1. Andrew

        Last year was my first big year for ultras with a 105 mile race (6800 climbing) in July and then a 70 mile race in Sept with again 6800 climbing.

        I trained hard until July – very little between july and September. Did, for me, surprisingly well in the race in September. Since then I have just ticked over and actually did nothing over christmas.

        I know need to rev up my training for the race in July (75 miles 9000m climbing). What I’m finding hard is the mental side and need to switch my head back on to being focused again on the race. I’m hoping my training last year has given me sufficient ground work that I need to build upon, but actually I may have lost all my fitness since July.

        Ultra’s are great its just the training that is hard!!!

        All the best and thanks for the weekly column.

  3. Markus

    This is the main reason why we see so many burned out ultrarunners these days. Everybody wants to race all the time and there is plenty of opportunity to do so.

    I have followed the same pattern rest, new year planning and build up for most of my running years and it kept me injury free.

    If you haven’t read Tim Noakes’s Lore of Running do it!

    1. AJW

      Vermont is an amazing beer state! I know Coloradans and Oregonians won’t appreciate this but Vermont is better. I’d put Lawson’s, Alchemist, and Hill Bros up against anyone out west:)

  4. Jackie

    The Lore of Running is in my top 3 best books ever read list. I have read it several times and even own two different editions. Filled with running “pearls”.

  5. John K

    I don’t try to “peak” at all any more. Peak implies “trough”. I want to make even the races sustainable. Which means never running hard enough that I can’t also run the next day if I want to (and that doesn’t mean I run every day either). I am no longer interested in “exploring my potential” in a Ryan Hall sort of way…

  6. Ian Sharman

    Bruce won 9 times at Comrades, not 8! It was a decade of dominance in the ’80s, interspersed with a 100k World Cup win, I believe, where he skipped Comrades (I think that’s also the African 100k record too). He’s a big inspiration for many, including myself, and he and Tim Noakes made endurance training and racing a lot more scientific, especially related to races lasting more than 2hrs.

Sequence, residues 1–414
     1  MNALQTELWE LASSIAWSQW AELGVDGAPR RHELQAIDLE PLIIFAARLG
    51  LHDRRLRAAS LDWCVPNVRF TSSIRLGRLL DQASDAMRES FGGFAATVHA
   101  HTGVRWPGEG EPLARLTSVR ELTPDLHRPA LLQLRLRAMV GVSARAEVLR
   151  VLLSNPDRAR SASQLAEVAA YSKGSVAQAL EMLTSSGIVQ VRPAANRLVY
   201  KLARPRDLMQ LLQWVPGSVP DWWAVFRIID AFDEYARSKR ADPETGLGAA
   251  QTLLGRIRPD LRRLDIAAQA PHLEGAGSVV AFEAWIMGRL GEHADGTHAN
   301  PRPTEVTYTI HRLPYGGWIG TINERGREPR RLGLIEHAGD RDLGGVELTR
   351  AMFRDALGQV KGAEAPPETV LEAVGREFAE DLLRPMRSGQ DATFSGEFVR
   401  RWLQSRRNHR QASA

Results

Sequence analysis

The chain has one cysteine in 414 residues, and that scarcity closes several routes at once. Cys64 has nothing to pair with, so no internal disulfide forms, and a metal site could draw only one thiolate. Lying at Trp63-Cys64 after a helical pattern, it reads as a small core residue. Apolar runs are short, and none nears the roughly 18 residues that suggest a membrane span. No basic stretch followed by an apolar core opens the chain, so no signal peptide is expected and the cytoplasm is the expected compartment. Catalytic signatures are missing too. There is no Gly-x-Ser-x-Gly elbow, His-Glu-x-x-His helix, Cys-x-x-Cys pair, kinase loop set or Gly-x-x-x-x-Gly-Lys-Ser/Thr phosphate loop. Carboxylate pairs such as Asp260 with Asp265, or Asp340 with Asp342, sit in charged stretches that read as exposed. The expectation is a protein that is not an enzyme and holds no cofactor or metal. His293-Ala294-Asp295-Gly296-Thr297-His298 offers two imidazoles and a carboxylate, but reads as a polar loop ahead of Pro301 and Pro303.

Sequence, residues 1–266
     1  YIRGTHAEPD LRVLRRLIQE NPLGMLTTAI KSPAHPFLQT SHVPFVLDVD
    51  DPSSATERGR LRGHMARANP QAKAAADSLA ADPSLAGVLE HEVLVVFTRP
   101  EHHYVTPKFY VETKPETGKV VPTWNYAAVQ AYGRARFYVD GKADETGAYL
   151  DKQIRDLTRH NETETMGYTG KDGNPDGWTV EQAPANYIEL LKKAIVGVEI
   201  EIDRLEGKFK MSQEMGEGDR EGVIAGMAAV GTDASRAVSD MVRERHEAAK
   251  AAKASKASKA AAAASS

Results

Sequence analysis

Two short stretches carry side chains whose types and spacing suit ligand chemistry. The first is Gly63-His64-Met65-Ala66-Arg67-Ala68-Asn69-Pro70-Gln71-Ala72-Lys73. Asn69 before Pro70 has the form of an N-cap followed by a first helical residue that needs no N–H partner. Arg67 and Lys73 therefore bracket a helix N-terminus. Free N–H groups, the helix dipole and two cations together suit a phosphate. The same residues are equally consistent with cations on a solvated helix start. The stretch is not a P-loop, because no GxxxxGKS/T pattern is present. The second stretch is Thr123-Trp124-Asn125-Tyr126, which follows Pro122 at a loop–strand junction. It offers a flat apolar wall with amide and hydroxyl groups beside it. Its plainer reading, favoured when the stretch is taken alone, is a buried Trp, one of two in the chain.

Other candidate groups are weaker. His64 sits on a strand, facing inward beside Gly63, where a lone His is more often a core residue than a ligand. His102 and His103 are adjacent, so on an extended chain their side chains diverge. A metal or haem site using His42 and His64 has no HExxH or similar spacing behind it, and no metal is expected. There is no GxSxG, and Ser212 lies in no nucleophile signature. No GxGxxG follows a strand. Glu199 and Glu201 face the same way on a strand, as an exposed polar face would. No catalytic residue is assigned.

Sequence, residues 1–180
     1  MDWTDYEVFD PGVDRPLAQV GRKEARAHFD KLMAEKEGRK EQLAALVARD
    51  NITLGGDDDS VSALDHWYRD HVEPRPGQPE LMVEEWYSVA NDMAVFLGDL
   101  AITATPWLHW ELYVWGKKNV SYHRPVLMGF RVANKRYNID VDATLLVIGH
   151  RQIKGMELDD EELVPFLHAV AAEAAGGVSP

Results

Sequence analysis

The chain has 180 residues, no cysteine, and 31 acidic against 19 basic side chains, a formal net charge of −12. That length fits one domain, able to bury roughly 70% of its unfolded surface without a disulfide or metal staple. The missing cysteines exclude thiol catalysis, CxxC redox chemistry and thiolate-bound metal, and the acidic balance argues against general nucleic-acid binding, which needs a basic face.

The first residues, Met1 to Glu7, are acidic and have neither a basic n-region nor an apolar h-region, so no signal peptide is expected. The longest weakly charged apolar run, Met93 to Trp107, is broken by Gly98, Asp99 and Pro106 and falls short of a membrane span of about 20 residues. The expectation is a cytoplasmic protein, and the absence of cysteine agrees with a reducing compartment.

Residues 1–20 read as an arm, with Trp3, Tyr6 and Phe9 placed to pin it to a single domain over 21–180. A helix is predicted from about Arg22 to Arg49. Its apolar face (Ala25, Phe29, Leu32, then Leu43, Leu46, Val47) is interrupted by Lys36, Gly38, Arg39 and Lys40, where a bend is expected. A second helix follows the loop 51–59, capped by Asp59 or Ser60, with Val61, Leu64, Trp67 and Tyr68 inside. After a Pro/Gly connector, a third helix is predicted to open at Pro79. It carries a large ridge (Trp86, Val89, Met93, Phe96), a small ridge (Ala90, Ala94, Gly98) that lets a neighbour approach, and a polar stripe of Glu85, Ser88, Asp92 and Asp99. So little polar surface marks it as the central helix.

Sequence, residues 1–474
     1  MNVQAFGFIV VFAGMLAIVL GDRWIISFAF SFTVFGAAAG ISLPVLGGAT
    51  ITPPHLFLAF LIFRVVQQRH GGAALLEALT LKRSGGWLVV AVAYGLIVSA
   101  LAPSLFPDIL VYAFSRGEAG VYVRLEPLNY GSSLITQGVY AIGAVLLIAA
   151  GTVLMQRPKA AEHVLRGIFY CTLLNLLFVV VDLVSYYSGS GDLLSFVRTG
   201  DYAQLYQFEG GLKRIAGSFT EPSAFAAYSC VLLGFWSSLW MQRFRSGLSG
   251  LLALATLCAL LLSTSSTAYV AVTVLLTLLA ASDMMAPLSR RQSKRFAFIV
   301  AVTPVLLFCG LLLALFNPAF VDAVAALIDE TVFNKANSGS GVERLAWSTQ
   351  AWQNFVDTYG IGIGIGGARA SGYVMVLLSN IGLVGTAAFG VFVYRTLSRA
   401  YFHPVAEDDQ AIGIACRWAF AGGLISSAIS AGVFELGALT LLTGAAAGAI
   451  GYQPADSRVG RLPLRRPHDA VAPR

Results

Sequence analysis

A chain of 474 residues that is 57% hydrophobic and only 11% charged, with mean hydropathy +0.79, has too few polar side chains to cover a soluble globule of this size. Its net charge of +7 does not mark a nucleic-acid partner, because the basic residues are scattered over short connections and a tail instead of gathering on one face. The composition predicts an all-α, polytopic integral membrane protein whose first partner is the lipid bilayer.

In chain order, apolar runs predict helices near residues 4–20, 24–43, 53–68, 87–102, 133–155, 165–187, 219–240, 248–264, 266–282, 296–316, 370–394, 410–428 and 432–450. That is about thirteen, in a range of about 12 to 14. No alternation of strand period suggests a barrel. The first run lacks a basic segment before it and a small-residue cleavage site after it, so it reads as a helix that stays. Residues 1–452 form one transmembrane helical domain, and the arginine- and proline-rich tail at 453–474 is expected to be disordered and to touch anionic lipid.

7. Scott

    Great call on the Lawson’s, AJW! An unpopular choice of VT over CO or OR, perhaps, but Lawson’s Finest tops my personal Vermont roster above Alchemist, Hill Farmstead, Lost Nation, and the dozens of other excellent microbreweries. Sean Lawson has been killing it this winter with Peril, Triple Sunshine, Reverse Migration (haven’t had it–gotta search out some!), and other IPAs, as well as the mind-blowingly good Fayston Maple Stout…mmmm.

    And as a follow-up to what you said in reply to Andrew earlier in this comments section, what does one of your January training weeks look like from day to day? I know you posted a sample week of your training leading up to WS in ’14, so what would a base-building week look like in terms of long runs, workouts, etc? Thanks!

    1. AJW

      Scott, thanks for asking. With my focus on Hardrock this year the base building phase is a bit different and still evolving but this past week is a good example of what I am talking about in the column. Here it is:

      Mon 8 miles 1:49 1698 feet
      Tue 4.6 miles 1:02 1057 feet
      Wed 4.6 miles 1:01 1057 feet
      Thu 11.3 miles 2:20 2850 feet
      Fri 6.5 miles 1:19 1258 feet
      Sat 8 miles 1:39 920 feet
      Sun 10.4 miles 2:02 1020 feet

  8. Ed

    Hey Andy, I loved the article as it has come at time when I’m also focusing more on slow incremental base building. I’ve recently started using a HR monitor and trying to maintain that endurance zone. I was just curious, I live in an alpine region so there are some serious climbs in most/all my trail runs. What are your recommendations for hills when trying to maintain a low heart rate and not burn-out? Should I avoid them on these runs or just power hike? Cheers!